Although the Parole Commission never withdrew the January 4, 1982 warrant, it issued a new parole violator warrant on September 9, 1983, as a detainer to follow Petitioner's October 6, 1982 robbery sentence. On May 27, 1987, after execution of the September 9, 1983 warrant, the Parole Commission held a parole revocation hearing and revoked Petitioner's parole from his prior sentence. At the hearing, the Parole Commission gave Petitioner no credit on the initial twelve-year sentence for the time spent on parole and notified him that the unexpired seven-year portion of his original sentence would commence upon the expiration of his October 6, 1982 robbery sentence.


Petitioner asserts that the Parole Commission unlawfully denied him a prompt parole revocation hearing after service of the January 4, 1982 warrant. Petitioner further asserts that denial of this hearing denied him the opportunity to serve the unexpired seven-year portion of his original sentence concurrently with his October 6, 1982 robbery sentence.2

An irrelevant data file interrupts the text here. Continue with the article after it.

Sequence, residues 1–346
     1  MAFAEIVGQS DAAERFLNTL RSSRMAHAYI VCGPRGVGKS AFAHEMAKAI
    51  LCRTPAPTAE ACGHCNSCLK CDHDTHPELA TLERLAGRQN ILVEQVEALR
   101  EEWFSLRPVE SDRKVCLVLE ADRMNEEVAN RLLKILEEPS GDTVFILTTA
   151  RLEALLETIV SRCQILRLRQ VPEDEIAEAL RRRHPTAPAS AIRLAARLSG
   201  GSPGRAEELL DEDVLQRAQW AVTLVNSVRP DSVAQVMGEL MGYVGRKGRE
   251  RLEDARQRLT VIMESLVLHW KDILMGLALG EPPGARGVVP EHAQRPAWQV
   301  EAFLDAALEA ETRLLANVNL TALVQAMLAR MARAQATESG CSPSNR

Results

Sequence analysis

Whether or not the Parole Commission unlawfully denied Petitioner a revocation hearing after service of the January 4, 1982 parole violator warrant turns on whether the June 25, 1982 execution of the warrant was valid. In order for the execution to be valid, the Marshal's Service must have executed the warrant according to Parole Commission instructions. If the execution was valid, the Parole Commission had a legal obligation to hold a parole revocation hearing within sixty days of service. Still v. United States Marshal, 780 F.2d 848, 851-52 (10th Cir.1985). If the execution was invalid because the Marshal's Service did not follow the instructions of the United States Parole Commission, a parole revocation hearing was not required. McConnell v. Martin, 896 F.2d 441, 446 (10th Cir.), cert. denied, 498 U.S. 861, 111 S.Ct. 167, 112 L.Ed.2d 131 (1990). The outcome of this case is controlled by McConnell.